Morgan Stanley’s new chief executive officer, Ted Pick, received a skeptical welcome from investors, who are turning their attention to the firm’s ability to meet its goals in its expanding wealth business.

The bank’s shares dropped the most in three months as its traders fell short of expectations and executives said lower wealth-management margins may stick around. The unit reported a pretax margin of 24.9% for the full year, and Chief Financial Officer Sharon Yeshaya said on a conference call with analysts that “it’s reasonable to expect reported margins to consolidate in the mid-twenties range over the near term.”

This month marks the start of a new era at Morgan Stanley after Pick took over from longtime Chief Executive Officer James Gorman. He takes the helm of a firm that has redefined itself over the past decade but now faces more questions about its ability to keep growing faster than competitors. Pick said Tuesday that the wealth business will drive Morgan Stanley’s growth, and that the unit’s pretax margin will be able to eventually reach 30%.

“The wealth business is actually in my blood. My dad and my father-in-law were both brokers once upon a time. And I grew up studying that business as a kid,” Pick said on a conference call with analysts. “This will be the engine for further Morgan Stanley growth.”

Morgan Stanley shares dropped 3.8% to $86.30 at 10:15 a.m. in New York, their biggest slump in intraday trading since mid-October, making the firm the day’s worst performer in the KBW Bank Index. Last year, the shares climbed almost 10%, compared with a decline of nearly 5% for the index.

Net revenue from the wealth unit totaled $6.65 billion, higher than analysts’ expectations of $6.4 billion. That business has been aided by climbing interest rates that have helped boost net interest income. Despite beating analysts’ estimates, net new assets in the wealth unit remained under $50 billion for a second straight quarter. That pace would leave Morgan Stanley shy of the more than $300 billion a year target it has sought to grow the business.

“We’ve always said it would be lumpy,” Yeshaya said in an interview. “What’s most interesting to me is that net new assets are coming from new clients.”

Despite the slowdown in the past six months, Yeshaya noted that asset inflows were at the top end of the range the New York-based bank had spelled out at the start of 2023.

Outside of wealth management, Morgan Stanley’s traders also had a disappointing quarter. The firm’s fixed-income trading business posted $1.43 billion in revenue, compared with estimates of $1.48 billion. In equities, revenue totaled $2.2 billion, compared with analysts’ $2.26 billion forecast.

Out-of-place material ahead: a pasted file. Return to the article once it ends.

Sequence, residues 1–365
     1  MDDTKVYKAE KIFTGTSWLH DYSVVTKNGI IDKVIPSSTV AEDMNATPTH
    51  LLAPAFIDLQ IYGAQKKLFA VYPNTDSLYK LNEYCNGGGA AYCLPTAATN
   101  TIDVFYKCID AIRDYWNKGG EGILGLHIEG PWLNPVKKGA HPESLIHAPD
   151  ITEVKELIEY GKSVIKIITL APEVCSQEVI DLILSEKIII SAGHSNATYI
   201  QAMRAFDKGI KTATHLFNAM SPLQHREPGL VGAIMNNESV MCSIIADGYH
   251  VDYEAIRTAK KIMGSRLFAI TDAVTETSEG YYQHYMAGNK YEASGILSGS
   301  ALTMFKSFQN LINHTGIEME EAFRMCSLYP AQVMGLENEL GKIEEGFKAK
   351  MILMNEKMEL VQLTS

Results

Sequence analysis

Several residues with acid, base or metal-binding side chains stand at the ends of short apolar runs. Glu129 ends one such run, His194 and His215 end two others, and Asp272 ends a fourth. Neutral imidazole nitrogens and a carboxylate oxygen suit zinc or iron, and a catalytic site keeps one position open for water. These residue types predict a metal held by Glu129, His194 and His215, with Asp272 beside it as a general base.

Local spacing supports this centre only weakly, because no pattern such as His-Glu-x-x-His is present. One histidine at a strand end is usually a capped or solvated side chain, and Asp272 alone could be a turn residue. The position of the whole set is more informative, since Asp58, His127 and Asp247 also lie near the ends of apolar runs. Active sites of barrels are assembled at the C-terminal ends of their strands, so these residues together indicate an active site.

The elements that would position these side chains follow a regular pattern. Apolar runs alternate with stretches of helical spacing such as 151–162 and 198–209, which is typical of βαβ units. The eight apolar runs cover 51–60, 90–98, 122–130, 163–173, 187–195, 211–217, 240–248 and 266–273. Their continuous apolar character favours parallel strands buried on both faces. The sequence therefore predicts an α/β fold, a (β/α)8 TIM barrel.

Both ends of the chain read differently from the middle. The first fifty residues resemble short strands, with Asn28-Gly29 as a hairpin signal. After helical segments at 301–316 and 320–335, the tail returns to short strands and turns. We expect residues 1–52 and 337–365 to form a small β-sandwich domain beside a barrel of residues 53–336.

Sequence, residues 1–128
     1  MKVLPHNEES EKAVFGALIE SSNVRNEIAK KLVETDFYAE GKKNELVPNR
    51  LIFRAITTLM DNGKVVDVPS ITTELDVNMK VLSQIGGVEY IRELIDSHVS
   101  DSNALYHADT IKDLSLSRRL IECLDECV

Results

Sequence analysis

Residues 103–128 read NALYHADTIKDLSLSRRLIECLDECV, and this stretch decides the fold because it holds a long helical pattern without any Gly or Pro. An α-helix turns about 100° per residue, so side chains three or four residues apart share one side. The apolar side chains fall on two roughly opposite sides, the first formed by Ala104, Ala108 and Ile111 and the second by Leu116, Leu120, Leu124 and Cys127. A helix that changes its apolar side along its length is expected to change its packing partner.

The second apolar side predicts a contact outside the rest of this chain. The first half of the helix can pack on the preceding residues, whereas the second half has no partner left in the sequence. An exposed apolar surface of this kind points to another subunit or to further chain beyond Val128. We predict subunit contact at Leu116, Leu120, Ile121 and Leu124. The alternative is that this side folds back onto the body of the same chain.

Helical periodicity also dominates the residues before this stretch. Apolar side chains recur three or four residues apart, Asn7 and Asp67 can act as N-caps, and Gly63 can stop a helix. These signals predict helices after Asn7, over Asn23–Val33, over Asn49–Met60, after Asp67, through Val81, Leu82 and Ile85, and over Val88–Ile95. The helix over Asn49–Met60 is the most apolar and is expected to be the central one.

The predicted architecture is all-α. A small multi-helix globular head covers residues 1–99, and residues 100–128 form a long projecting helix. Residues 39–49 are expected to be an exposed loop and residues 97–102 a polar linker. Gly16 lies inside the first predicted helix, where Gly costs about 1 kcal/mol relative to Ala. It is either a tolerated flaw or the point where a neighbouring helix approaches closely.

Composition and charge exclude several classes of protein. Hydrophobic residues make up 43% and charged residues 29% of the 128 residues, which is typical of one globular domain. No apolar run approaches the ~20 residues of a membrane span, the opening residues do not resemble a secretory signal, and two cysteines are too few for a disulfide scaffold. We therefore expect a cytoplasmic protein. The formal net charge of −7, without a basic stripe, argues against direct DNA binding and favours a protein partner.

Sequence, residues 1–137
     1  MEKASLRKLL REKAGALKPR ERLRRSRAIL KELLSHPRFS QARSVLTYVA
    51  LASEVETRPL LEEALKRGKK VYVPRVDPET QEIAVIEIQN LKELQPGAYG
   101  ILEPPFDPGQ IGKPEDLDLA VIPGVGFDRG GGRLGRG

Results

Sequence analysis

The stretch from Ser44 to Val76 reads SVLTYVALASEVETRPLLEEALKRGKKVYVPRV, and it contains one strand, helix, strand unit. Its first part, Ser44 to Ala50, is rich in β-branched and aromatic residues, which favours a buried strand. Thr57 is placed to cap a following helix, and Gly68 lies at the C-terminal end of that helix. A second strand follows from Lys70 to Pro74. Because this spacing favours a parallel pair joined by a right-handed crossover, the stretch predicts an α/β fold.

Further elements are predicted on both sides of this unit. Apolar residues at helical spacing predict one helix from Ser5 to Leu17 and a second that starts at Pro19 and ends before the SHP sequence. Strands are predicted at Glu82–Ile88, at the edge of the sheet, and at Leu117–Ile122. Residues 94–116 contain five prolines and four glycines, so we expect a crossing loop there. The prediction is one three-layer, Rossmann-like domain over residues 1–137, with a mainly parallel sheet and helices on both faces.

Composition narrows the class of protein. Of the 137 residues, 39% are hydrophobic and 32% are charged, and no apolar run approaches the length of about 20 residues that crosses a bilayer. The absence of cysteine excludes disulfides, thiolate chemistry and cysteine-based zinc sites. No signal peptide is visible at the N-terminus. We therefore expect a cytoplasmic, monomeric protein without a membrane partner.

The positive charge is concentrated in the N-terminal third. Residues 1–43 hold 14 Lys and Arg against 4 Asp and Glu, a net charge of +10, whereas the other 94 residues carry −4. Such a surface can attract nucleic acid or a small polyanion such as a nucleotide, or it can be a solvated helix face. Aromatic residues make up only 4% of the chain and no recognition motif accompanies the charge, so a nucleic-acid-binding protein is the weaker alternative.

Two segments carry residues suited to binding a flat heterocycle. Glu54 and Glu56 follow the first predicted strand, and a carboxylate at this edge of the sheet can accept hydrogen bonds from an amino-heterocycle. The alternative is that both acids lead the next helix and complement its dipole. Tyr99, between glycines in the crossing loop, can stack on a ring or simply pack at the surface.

Investors are turning their focus to a revival of key Wall Street operations after a period of rapidly climbing rates fueled big-bank profits with increasing net interest income. The largest US lenders took turns last week warning about the future of their biggest source of revenue, with Wells Fargo & Co. predicting a 9% slide in that key metric this year.

Morgan Stanley last week resolved a long-running probe into its block-trading business that had become a successful piece of its prized equities business. The firm agreed to pay $249 million to the US Justice Department and the Securities and Exchange Commission as part of the resolution.

As the Federal Reserve signals it’s close to its peak rate, and bankers tout pent-up demand for mergers and more conducive markets, hopes of an investment-banking revival have taken hold.

Fees from advising on deals totaled $702 million, compared with estimates of $535 million. Equity-underwriting revenue stayed muted at $225 million. Yeshaya pointed to the quarter’s advisory revenue as a sign of improving dealmaking activity that will flow through the rest of the year.

“We’ve been investing on the IBD side,” she said, referring to the dealmaking business and a desire to edge out rivals in the next wave of corporate consolidation.

Companywide revenue totaled $12.9 billion, compared with estimates of $12.7 billion.

This article was provided by Bloomberg News.